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Son, 41, who shot and beat to death a jogger is jailed for life

Pensioner, 72, and her son, 41, are jailed for life for shooting and beating to death an autistic jogger, 48, because he regularly went running on a footpath crossing their land

  • Gary Dean’s body was found in a ditch in woods near his home in Barnsley
  • He was shot in the back with an air rifle and beaten with rocks and branches
  • Scott Dawson, 41, and Carol Dawson, 72, killed him over feud over their land
  • They intended to dispose of his body with a digger but a walker found it first

A mother and son who murdered a runner after pursuing a vendetta against him over his use of a footpath that crossed their land were both handed life jail terms today.

Gary Dean’s body was found in a ditch in woods near his home after he had been shot in the back with an air rifle and repeatedly beaten with rocks and branches.

The 48-year-old was killed by Scott Dawson, 41, and Carol Dawson, 72, after regularly using land belonging to them in Barnsley, South Yorkshire, for running and other activities, prompting a long-running and bitter feud, prosecutors said.

Carol Dawson, 71, left, and her son Scott, 41, right, were both found guilty of the murder of Gary Dean, 48, who was shot and beaten to death near Barnsley in September last year

A jury heard how, as part of the disagreement, Mr Dean’s home was daubed with offensive graffiti and he was falsely accused of attempting to lure children into the woods with him.

After carrying out his murder last September, the Dawsons intended to dispose of his body by using a digger but were prevented from doing so when his remains were discovered by a walker, a court heard.

Following a five-week trial at Sheffield Crown Court, they were convicted on Friday afternoon of murder.

This morning, Scott Dawson, was jailed for life with a minimum of 31 years and Carol Dawson was jailed for life with a minimum of 26 years.

The pair showed no reaction as they were told the length of their sentences.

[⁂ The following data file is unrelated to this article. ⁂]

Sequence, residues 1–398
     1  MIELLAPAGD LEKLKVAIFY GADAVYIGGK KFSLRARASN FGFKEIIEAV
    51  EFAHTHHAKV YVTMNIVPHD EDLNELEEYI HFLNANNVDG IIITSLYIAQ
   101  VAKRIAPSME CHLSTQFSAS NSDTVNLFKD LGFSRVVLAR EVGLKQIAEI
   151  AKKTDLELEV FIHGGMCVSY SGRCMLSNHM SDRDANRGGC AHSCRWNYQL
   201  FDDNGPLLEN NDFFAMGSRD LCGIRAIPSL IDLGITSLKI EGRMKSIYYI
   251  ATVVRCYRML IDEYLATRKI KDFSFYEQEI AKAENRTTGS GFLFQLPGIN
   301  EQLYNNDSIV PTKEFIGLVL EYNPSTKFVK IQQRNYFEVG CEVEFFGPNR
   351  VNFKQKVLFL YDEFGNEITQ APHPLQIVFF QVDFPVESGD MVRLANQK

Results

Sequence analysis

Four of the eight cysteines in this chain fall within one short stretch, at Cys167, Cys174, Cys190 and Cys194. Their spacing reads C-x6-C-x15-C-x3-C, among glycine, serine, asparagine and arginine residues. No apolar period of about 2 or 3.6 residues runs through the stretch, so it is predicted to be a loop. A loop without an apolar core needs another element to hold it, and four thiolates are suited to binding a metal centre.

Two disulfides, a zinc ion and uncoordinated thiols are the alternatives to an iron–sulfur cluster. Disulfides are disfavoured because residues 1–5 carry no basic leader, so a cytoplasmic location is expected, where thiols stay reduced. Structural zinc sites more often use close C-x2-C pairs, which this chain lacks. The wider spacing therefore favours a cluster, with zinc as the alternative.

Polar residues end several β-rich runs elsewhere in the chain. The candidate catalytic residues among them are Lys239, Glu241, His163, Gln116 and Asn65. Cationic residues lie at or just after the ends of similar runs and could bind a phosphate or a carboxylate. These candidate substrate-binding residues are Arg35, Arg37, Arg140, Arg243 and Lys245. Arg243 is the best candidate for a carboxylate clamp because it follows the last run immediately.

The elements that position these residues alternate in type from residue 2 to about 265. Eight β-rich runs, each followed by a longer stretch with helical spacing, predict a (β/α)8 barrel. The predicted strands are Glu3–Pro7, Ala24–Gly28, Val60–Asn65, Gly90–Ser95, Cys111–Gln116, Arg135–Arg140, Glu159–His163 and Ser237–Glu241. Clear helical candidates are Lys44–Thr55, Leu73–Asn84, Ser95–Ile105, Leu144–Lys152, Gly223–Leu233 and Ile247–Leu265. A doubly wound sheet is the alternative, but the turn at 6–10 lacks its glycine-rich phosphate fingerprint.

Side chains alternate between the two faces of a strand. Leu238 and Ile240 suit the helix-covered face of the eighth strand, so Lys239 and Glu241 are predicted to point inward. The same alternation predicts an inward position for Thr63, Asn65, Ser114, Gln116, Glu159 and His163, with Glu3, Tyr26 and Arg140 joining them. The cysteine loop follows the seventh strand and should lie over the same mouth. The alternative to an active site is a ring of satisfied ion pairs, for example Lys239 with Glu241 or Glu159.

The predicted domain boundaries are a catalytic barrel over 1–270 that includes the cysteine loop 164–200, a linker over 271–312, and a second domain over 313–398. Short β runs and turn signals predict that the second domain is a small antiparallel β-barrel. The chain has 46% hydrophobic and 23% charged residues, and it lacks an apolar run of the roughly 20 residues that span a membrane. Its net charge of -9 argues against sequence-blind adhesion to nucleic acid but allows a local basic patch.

Gary Dean (pictured), 48, was found dead in woods near Barnsley, South Yorkshire

Sentencing the Dawsons, Judge Jeremy Richardson QC said: ‘You both fed off the venom within each other. This toxic mixture led to murder.’

He said that the pair had carried out the killing in ‘wicked and cruel’ fashion.

The judge said that the murder was worsened by the fact that Mr Dean’s autism made him a vulnerable target.

During a five-week trial, jurors heard how the vendetta against Mr Dean started in late 2016, when his wife Caroline woke one morning to find her car and house daubed with graffiti saying ‘stay away Baz’, ‘paedo’ and other offensive comments.

Mrs Dean, a headteacher, explained in her evidence how she and her husband were regularly followed and threatened, describing how four youths burst into their home on Silkstone Common, Barnsley, injuring both of them.

She also said that her school once received a letter claiming she should not be allowed to work with children as Mr Dean had attempted to lure youngsters into the woods with him.

She said that a local authority safeguarding inquiry found nothing to support the accusation, adding that her husband was never arrested over anything untoward relating to children.

Describing Mr Dean as ‘quite autistic in his nature’, she said he had been obsessive about running and trains.

Mr Dean’s wife, Caroline (pictured outside Sheffield Crown Court last Friday), told the jury that she and her husband were terrorised in the run up to his murder

The trial heard how the dispute over the path involved the Dawsons securing a restraining order against Mr Dean after they complained to police about him, saying he was damaging their property.

A ‘stay away’ sign had been posted on a stile leading to the path, the court heard.

His killers carried out the attack on September 6 last year after seeing him once again stray onto their land.

In a statement that was read out in court on Friday, Mrs Dean said: ‘The brutal nature of Gary’s death haunts us all.

‘He had tried to get away, already seriously injured, when the attack continued in an unnecessarily brutal way.

‘I have to come to terms with the fact that my husband suffered a painful and violent death and that he died alone in a ditch.

‘I cannot begin to imagine the pain and terror he felt as he was beaten to death.’

Police described Mr Dean’s murder as ‘an absolutely brutal attack over a small dispute’.

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